Dietary pattern components were formed in exploratory PCA using 31 food groups expressed as the consumption frequency per day, at each investigation separately. Which components to retain from the analysis was primarily based on the Scree plot, eigenvalues (>1.5) and interpretability of the components. The PCA was then repeated with the number of components to retain and components were varimax rotated to become orthogonal (uncorrelated factors). The dietary patterns were interpreted and named on the basis of the components loadings (Table 1). The loadings for each pattern were obtained as a weighted sum of the reported frequencies of food groups and their loadings and each participant was assigned a score for each dietary pattern. To be considered in the Cox-analysis, the dietary pattern had to be formed at both investigations since quartiles of the time-updated dietary patterns were used, using information from both investigations [34]. Correlations between dietary patterns formed at baseline and 1997 as well as between dietary patterns and nutrients were investigated with Spearman rank correlations. For each participant follow-up time was accrued from baseline (primary analysis) or 1 January 1998 (sensitivity analysis) until date of hip fracture, date of death or the end of the study period (31 December 2014) using age as primary time scale. We estimated age and multivariable adjusted hazard ratios by Cox proportional hazards regression and 95% confidence intervals [CI] for the relation between quartiles of time-updated dietary patterns and hip fracture. The proportional hazard assumptions in the Cox models were confirmed graphically by comparing Nelson-Aalen plots and formally with Schoenfeld’s test. The main multivariable adjusted model included height (continuous), educational level (≤9, 10–12, >12 years, other), living alone (yes or no), calcium-supplement (yes or no), multivitamin-use (yes or no), physical activity level (5 categories), previous fractures (yes or no), menopausal-status (yes or no) and Charlson’s comorbidity index (continuous; 1–16) (Model I). In an additional analysis, fermented milk and milk were added to Model I in the analysis with the healthy and Western/convenience patterns, respectively. Further, energy intake, BMI (both continuous) and smoking status (current, former, never)—not primarily considered as confounders according to the DAG—were added to Model I and are referred to as Model II. Continuous covariates were time-updated and missing data on covariates were imputed using Stata’s “mi” package. We used 20 imputations to reduce sampling error. The multiple imputation takes into account model variables and produce 20 separate datasets. The Cox analysis is then run on all separate datasets and the results are combined. The variables living alone, use of calcium and multivitamin supplements, menopausal status, smoking and level of physical activity that were only available in the 1997 questionnaire were imputed, as well as educational level, BMI and height (less than 5% missing). In sensitivity analysis the Cox regression analysis was repeated using complete data, as well as using dietary patterns formed at each investigation. We additionally included history of falls as a covariate in the sensitivity analysis. Further, to study the impact of consistency or change in dietary patterns, the extreme quartiles of the Healthy dietary pattern at each investigation was used to create a three level categorical variable which was coded as [low 1987–low 1997] and set to the reference category, [low 1987–high 1997] and [high 1987–high 1997] and then used in the Cox regression. The baseline of this specific analysis was the second survey (January 1st, 1998). Lastly, study participants were jointly classified in nine strata across the tertiles of the time-updated Healthy and Western/convenience patterns and then used in the Cox regression. P values <0.05 were considered statistically significant. All analyses were carried out in Stata version 12.0 (Stata Corp., College Station, TX, USA).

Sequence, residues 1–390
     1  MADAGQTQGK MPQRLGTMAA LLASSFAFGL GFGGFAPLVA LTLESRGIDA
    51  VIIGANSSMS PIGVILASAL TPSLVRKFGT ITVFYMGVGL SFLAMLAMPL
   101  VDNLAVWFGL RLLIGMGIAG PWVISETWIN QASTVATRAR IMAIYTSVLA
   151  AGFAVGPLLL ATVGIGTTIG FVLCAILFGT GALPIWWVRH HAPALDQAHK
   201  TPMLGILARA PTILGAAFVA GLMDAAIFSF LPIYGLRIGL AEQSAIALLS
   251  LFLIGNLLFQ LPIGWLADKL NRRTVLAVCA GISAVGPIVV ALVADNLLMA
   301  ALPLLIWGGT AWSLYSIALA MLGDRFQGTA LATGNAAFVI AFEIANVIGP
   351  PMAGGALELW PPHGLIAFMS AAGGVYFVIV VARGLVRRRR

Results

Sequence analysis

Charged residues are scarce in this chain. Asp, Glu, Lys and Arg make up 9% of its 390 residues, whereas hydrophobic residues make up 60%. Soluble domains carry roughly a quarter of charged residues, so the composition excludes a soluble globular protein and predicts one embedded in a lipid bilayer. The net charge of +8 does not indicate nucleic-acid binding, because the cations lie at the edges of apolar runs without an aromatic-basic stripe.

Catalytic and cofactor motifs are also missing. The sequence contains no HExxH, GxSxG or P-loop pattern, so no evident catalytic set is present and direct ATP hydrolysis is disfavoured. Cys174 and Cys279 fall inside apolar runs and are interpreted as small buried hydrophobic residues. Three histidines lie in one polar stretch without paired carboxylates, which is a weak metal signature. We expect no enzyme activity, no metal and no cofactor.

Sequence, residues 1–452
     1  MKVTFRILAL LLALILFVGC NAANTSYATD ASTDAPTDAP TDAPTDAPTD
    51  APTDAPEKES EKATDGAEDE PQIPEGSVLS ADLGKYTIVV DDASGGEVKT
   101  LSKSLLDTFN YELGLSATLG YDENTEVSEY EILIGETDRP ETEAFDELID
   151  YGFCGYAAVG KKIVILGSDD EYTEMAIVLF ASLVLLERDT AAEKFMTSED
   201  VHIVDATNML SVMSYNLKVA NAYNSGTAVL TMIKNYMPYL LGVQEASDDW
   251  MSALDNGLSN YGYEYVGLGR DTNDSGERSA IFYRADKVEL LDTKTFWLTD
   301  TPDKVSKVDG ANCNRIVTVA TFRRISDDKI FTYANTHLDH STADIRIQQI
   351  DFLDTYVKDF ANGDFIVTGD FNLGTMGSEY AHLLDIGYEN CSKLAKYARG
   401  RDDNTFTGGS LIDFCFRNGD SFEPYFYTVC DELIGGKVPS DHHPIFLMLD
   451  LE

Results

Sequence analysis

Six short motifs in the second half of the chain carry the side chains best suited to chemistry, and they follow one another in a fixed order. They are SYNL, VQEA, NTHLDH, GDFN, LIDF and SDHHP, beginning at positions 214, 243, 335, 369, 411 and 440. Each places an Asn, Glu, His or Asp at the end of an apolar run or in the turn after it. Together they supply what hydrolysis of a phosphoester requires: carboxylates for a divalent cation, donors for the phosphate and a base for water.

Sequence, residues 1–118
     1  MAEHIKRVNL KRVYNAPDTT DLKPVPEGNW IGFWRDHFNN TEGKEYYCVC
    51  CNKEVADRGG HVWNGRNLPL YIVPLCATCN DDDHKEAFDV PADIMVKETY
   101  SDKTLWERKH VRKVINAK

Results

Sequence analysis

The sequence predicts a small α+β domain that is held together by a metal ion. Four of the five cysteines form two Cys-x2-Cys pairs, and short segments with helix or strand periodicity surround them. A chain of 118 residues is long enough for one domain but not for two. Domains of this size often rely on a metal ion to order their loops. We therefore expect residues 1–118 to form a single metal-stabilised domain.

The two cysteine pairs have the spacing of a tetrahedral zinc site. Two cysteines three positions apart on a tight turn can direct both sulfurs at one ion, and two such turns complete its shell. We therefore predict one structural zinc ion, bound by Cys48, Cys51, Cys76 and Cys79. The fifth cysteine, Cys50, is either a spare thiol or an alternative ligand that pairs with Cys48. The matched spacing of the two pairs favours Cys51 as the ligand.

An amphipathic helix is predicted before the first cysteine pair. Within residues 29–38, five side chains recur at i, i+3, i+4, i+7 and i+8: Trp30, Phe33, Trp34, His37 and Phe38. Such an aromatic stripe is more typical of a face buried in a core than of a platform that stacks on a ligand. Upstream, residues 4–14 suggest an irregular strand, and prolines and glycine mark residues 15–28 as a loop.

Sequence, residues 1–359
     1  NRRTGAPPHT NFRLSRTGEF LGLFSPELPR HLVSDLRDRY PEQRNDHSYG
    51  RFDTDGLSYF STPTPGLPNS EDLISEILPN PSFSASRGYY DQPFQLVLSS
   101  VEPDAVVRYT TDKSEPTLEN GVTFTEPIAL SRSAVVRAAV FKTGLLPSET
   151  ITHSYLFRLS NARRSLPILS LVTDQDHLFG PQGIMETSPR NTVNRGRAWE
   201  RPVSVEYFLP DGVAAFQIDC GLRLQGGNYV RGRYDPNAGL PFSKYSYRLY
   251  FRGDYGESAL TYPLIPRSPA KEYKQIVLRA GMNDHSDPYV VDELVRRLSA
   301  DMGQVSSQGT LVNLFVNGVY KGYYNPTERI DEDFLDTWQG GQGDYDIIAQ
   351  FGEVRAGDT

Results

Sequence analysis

Results